PCR fingerprinting assay. The oligonucleotides (GTG)5 and (GAC)5 were
synthesized on a DNA synthesizer (model 381A) from Applied Biosystems and
used to generate PCR fingerprints. The composition of the 50-ml PCR mixture
was as follows: 20 mM Tris-HCl (pH 8.3), 50 mM KCl, 3 mM MgCl2, 0.001%
(wt/vol) gelatin, 200 mM each dATP, dCTP, dGTP, and dTTP, 0.2 mM primer,
0.25 ng of yeast genomic DNA, and 1 U of Taq polymerase. The PCR program
was as follows: 5 min at 948C, followed by 40 cycles of 15 s at 948C, 45 s at 45 or
558C for primer (GAC)5 or (GTG)5, respectively, and 1 min 30 s at 728C. Finally,
the mixture was heated at 728C for 4 min and subsequently cooled to 48C.
PCR-amplified DNA was separated on a 1.2% agarose gel by electrophoresis as
described previously (1).
Amplification of rDNA regions. The ITS was amplified with the primers ITS1
(59-TCC GTA GGT GAA CCT GCG G) and NL2 (59-CTC TCT TTT CAA
AGT GCT TTT CAT CT) (25). The positions and directions of the primers used
are indicated in Fig. 1. PCR conditions were identical to those described previously for the amplification of the ss rDNA region (2). The thermocycler program
was as follows: 5 min at 948C, followed by 30 cycles of 30 s at 948C, 30 s at 558C,
and 1 min at 728C. Finally, the reaction mixture was heated to 728C for 2 min and
subsequently cooled to 48C.
The definition of the primer JV52ET for the amplification of the NTS region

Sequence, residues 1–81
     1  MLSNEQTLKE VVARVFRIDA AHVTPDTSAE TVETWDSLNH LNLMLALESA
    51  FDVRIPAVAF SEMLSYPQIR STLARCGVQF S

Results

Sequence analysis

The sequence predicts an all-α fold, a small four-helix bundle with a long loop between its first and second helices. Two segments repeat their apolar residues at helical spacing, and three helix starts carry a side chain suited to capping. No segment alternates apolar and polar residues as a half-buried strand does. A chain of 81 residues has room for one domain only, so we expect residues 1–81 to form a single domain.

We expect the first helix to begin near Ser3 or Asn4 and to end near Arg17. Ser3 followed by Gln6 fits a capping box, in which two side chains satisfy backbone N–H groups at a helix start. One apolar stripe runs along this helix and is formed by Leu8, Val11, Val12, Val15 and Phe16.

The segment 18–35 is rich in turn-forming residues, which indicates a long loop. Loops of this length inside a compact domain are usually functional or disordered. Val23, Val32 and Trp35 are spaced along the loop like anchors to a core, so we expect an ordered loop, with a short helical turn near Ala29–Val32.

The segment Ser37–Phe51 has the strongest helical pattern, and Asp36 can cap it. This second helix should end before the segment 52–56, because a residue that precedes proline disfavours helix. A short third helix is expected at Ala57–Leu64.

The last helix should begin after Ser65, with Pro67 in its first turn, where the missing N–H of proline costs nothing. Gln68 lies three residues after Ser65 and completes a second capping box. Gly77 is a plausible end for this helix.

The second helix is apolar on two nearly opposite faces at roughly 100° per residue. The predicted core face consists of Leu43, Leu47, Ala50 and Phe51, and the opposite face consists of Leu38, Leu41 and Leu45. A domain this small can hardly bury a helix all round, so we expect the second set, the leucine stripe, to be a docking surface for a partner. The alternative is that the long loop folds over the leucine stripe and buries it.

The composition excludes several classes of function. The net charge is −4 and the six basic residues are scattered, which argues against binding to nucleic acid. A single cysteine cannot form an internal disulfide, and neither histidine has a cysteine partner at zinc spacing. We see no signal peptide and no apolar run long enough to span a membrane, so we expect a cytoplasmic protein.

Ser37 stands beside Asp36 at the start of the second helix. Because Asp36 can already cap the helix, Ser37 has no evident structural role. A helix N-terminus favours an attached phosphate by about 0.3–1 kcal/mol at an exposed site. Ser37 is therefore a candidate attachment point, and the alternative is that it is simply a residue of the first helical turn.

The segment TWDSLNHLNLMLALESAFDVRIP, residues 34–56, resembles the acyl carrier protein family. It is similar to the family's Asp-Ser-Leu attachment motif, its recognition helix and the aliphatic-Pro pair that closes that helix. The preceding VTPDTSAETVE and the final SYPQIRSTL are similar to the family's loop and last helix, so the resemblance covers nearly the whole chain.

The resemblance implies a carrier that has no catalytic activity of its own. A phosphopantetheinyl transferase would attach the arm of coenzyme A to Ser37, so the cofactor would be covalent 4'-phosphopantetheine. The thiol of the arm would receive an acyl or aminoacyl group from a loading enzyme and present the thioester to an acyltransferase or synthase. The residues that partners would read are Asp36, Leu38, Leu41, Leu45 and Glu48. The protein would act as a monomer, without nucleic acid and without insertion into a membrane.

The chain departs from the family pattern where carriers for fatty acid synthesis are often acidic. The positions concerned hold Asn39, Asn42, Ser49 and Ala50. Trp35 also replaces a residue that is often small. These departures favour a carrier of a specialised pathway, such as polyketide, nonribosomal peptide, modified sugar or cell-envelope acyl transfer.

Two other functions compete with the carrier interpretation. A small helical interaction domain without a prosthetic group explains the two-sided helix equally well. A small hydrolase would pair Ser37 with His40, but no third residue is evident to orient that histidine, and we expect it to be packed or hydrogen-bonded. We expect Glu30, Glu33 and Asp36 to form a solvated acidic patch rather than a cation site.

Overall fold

was based on the comparison of the known ss rDNA sequences of several yeast
species as described by Baleiras Couto et al. (2). Primer JV51ET was defined on
the basis of the work of Molina et al. (14) and by comparison of the conserved
regions in the ls rRNA of the yeast species C. albicans, S. cerevisiae, and Schizosaccharomyces pombe by alignment with the PC/GENE program (version 6.8;
Amos Bairoch, University of Geneva, Geneva, Switzerland). The sequences of
the primers used for the amplification of the NTS were, for JV51ET, 59-TGA
ACG CCT CTA AGY CAG AAT C and, for JV52ET, 59-TTA TAC TTA GAC
ATG CAT GGC. The positions and directions of the primers used are indicated
in Fig. 1. Final concentrations in the PCR mixture were as described previously
for the ss rDNA region (2). The PCR program was as follows: 5 min at 948C,

followed by 30 cycles of 30 s at 948C, 1 min at 578C, and 3 min at 728C, after which
the mixture was heated at 728C for 2 min and subsequently held at 48C.
Restriction enzyme digests of PCR-amplified fragments. Digestion with restriction enzymes took place in a 20-ml volume with 10 ml of processed PCR
amplification mixture. The restriction enzymes MseI, ScrfI, TaqI, MspI, and
AvaII, purchased from Boehringer GmbH (Mannheim, Germany) or Biolabs
(Beverly, Mass.) were applied under the conditions recommended by the manufacturer. Digestion products were analyzed on a 2% agarose gel using 0.53